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Bad online reviews are costing businesses millions

3 Mins

This weekend, an article in one of my industry’s trade magazines caught my eye. It said that spurious reviews on rating websites were costing plumbers millions of pounds. Be those numbers true or not, rating websites are a 21st century problem that affects every public-facing business in the world.

Since I founded Pimlico Plumbers in 1979, with an old van and a lot of enthusiasm, some things haven’t changed. People still want a reliable, top quality service with transparent pricing. What has changed though is that, once upon a time, reputation was based on word of mouth. Today, any view honestly held or otherwise can be shared via the internet with thousands of people in an instant.

Now, any business, no matter how good they are at what they do, and how hard they work at doing their best, will from time to time have the odd disgruntled or disappointed customer. But what businesses are facing on an ever-more common basis is the disease of malicious comments or targeted negative posting campaigns. 

Some posts are, of course, genuine and can provide a useful warning against “Fawlty Towers”-style hotels and cowboy builders. Online reviews started as a platform to share experiences and recommend places for a holiday, a good night out or reliable tradesman.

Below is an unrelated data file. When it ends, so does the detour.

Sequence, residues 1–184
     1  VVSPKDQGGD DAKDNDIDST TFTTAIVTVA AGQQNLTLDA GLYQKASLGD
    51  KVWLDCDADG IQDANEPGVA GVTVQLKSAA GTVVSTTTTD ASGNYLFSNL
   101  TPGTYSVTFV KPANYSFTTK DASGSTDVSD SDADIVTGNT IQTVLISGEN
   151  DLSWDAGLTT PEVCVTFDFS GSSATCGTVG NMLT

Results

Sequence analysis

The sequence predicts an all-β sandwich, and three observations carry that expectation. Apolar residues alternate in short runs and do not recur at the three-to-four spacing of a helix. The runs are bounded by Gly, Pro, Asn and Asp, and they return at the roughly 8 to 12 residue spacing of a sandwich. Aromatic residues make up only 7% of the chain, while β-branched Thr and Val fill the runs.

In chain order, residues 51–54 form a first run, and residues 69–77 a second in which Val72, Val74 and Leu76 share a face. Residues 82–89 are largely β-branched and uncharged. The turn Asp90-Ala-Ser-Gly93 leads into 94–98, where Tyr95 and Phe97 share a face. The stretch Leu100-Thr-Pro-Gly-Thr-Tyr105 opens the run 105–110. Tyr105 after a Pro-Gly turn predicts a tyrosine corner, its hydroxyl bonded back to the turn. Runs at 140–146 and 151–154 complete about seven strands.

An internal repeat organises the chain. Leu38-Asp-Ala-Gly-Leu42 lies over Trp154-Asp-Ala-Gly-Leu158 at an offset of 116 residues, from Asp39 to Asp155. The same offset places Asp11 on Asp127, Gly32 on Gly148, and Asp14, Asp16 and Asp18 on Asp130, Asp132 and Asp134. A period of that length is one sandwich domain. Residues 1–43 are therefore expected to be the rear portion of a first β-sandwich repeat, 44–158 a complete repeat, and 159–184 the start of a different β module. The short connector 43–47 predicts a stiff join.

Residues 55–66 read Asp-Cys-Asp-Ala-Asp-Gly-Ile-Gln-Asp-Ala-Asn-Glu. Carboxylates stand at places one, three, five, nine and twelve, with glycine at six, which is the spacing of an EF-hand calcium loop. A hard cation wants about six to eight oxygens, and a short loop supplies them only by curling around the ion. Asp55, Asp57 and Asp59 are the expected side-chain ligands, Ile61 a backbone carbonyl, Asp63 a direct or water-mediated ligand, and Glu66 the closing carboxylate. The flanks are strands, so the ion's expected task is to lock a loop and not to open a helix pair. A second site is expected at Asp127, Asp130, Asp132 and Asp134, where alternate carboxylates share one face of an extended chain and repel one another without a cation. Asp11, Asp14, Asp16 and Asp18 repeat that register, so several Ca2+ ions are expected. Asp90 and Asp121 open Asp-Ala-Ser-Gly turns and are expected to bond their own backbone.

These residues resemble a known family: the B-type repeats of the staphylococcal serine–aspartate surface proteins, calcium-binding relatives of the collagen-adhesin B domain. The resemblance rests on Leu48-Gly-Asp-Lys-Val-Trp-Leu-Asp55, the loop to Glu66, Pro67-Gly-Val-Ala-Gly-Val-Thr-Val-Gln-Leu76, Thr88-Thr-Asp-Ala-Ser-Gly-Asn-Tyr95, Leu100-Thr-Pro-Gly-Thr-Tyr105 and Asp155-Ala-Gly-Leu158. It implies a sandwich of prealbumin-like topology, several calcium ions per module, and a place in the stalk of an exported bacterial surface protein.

Unfortunately they have become a vacuum for anonymous posters keen to vent their spleens. Once up, a negative review is hard to remove. Something that was posted in the heat of the moment years ago, which may be dubious or downright malicious, can be read by a potential customer at the press of a button. 

Quite honestly, this is the modern day equivalent of cutting off the hand of a convicted thief. To begin with, the thief may have been wrongly accused. If he did transgress, surely the fact that he may have turned his life around means he shouldn’t be penalised forever?

I know there are people out there who specialise in removing unfair criticisms from the internet, but I’m also aware of how difficult it is to get to sites which are hosted abroad, and don’t necessarily abide by our laws. 

What I believe needs to be done is that those who go online and make allegations must provide real names and addresses, and so be made to stand personally and publically behind their often libellous allegations. 

I am not calling for the abolition of these sites, just that they operate with the level of transparency that businesses like mine have to.

Charlie Mullins is the CEO and founder of Pimlico Plumbers.

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